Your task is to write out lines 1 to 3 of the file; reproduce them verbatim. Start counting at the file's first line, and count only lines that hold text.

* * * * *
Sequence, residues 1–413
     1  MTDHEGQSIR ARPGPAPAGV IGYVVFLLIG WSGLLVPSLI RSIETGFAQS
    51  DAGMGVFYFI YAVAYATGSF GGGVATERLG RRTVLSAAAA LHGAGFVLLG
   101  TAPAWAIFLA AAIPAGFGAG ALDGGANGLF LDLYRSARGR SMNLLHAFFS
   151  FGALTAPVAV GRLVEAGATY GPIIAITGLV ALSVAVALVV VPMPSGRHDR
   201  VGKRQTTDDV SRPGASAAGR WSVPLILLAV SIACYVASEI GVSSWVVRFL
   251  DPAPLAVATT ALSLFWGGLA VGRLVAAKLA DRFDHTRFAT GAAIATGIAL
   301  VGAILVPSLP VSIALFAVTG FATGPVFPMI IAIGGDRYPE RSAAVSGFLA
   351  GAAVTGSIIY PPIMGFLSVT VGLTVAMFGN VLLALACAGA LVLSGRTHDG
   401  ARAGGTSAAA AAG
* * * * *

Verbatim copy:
Sequence, residues 1–413
     1  MTDHEGQSIR ARPGPAPAGV IGYVVFLLIG WSGLLVPSLI RSIETGFAQS
    51  DAGMGVFYFI YAVAYATGSF GGGVATERLG RRTVLSAAAA LHGAGFVLLG